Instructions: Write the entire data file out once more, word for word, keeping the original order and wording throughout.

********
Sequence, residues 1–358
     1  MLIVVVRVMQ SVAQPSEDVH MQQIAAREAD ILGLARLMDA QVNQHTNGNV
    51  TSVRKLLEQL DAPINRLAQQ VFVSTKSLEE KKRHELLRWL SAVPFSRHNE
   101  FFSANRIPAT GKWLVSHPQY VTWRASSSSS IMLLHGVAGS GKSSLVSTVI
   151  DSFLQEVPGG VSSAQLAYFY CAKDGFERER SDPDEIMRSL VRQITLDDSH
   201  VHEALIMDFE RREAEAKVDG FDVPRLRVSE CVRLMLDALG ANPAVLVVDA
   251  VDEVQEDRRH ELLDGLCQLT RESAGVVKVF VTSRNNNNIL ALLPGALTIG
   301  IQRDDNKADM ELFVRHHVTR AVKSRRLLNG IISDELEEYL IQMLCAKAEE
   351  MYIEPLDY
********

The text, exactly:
Sequence, residues 1–358
     1  MLIVVVRVMQ SVAQPSEDVH MQQIAAREAD ILGLARLMDA QVNQHTNGNV
    51  TSVRKLLEQL DAPINRLAQQ VFVSTKSLEE KKRHELLRWL SAVPFSRHNE
   101  FFSANRIPAT GKWLVSHPQY VTWRASSSSS IMLLHGVAGS GKSSLVSTVI
   151  DSFLQEVPGG VSSAQLAYFY CAKDGFERER SDPDEIMRSL VRQITLDDSH
   201  VHEALIMDFE RREAEAKVDG FDVPRLRVSE CVRLMLDALG ANPAVLVVDA
   251  VDEVQEDRRH ELLDGLCQLT RESAGVVKVF VTSRNNNNIL ALLPGALTIG
   301  IQRDDNKADM ELFVRHHVTR AVKSRRLLNG IISDELEEYL IQMLCAKAEE
   351  MYIEPLDY